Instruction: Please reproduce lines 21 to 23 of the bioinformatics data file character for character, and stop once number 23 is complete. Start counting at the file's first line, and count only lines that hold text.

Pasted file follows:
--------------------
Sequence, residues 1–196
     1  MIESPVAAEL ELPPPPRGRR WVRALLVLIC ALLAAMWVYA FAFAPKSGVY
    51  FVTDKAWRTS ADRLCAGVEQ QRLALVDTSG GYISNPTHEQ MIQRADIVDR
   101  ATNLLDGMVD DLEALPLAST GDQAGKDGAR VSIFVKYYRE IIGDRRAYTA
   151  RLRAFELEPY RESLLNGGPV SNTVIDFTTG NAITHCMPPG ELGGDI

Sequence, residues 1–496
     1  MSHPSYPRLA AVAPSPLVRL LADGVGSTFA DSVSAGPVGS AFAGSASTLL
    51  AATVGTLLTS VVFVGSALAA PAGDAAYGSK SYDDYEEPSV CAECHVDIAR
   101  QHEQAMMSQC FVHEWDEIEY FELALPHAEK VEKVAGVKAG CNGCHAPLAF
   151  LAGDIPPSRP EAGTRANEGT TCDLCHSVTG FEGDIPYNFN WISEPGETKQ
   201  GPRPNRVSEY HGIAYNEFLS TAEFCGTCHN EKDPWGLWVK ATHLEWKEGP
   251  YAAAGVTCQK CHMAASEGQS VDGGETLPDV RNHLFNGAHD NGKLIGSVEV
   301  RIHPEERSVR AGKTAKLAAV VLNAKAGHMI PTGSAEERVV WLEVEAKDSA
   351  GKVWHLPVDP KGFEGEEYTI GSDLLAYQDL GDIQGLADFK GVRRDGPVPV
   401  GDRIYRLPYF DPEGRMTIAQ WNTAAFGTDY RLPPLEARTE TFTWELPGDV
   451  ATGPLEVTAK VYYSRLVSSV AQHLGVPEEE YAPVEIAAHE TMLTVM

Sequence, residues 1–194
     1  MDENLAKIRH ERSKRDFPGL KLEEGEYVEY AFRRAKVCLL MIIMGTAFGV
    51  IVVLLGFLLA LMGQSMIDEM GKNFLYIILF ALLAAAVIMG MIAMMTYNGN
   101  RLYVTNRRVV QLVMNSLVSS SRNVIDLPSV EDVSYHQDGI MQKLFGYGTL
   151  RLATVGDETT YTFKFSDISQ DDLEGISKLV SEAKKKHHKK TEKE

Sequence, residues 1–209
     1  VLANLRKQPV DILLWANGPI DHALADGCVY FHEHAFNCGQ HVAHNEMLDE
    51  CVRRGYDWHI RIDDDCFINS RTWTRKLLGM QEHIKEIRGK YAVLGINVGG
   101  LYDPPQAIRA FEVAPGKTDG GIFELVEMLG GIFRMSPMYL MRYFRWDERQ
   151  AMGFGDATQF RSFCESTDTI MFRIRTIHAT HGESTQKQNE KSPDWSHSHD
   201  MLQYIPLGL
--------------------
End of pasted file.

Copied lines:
   151  RLATVGDETT YTFKFSDISQ DDLEGISKLV SEAKKKHHKK TEKE

Sequence, residues 1–209
     1  VLANLRKQPV DILLWANGPI DHALADGCVY FHEHAFNCGQ HVAHNEMLDE